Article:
King and X both use ethos pathos, and logos to showcase their beliefs, civil rights movement, and their approaches. King starts by building his credibility by addresses the clergymen as friends by saying , Fellow Clergymen I feel that you are men of genuine good will and that your criticisms are sincerely set forth sending the message showed that he is no less than them and they are no better than him. Martin Luther King then proceeds to justify his cause for protest and establishes reasons for the advancement of civil rights, logos .Specifically, he does so by raising doubts about the meaning of a just law and pointing out specific examples in which laws were unfair and unjust. King says,We should never forget that everything Adolf Hitler did in Germany was ‘legal’ and everything the Hungarian freedom fighters did in Hungary was ‘illegal.’ It was ‘illegal’ to aid and comfort a Jew in Hitler’s Germany. Even so, I am sure that, had I lived in Germany at the time, I would have aided and comforted my Jewish brothers. He then uses many allusions to multiple philosophers, and also religious leaders to get to the human emotions. in order to appeal to the human emotions King describes his disappointment in the church, The judgement of God is upon the church as never before. Malcolm X on the other hand uses these rhetorical devices in another way. Malcolm X has so much power as one of the leaders of the civil rights movement. He was a leader of the Nation of Islam for nearly a decade, and is a known as a Black Nationalist.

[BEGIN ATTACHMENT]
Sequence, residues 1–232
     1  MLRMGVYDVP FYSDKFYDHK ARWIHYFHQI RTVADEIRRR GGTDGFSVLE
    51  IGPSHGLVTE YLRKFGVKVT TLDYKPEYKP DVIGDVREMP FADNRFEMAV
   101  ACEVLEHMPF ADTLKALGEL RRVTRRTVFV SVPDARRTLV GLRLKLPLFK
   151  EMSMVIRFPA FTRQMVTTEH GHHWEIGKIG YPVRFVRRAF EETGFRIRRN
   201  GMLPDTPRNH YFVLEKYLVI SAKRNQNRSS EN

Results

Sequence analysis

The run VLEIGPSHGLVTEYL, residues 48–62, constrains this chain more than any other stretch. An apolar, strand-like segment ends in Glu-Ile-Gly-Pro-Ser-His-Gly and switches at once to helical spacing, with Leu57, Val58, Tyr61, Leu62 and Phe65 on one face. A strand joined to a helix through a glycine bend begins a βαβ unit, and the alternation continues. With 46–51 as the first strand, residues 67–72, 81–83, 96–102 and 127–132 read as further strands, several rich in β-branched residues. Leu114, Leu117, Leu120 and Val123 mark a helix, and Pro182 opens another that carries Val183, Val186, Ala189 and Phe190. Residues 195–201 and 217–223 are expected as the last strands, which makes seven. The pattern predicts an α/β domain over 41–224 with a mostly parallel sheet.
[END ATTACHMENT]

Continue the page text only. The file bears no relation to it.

This credibility that he carries with him into his speech is immense, and it makes his audience more receptive to the arguments that he puts forth. One of the main points of Malcolm X’s speech is to urge black Americans to come together and put all other differences aside. In order to show that he is completely invested in this cause, one of the first things Malcolm X does is talk about his religion. He openly admits that he is a Muslim and that he knows how this could cause some trouble with other members of the civil rights movement who do not share his religious views. Being that he opened his speech with claiming his religion shows how he was proud of being muslim and also African American, which leads to his pathos, and logos. Malcolm X emphasizes certain words in order to make the audience feel as though they have been failed by and made a fool of by the government. In his first argument about the white man taking over black neighborhoods, Malcolm X repeats the word control. Then you wonder why where you live is always a ghetto or a slum area. And where you and I are concerned, not only do we lose it when we spend it out of the community, but the white man has got all our stores in the community tied up. He then uses logos by explaining how the African American has suffered and only they know how it feels, no one else because they do not have to live through all the hardships. to convince people to accept Black Nationalism. He argues that changing your philosophy to black nationalism allows you to take action, and he uses a very logical thought process to make this claim: Once you change your philosophy, you change your thought pattern. Both of the civil rights leaders used the rhetorical devices differently being because of their philosophy and also audience.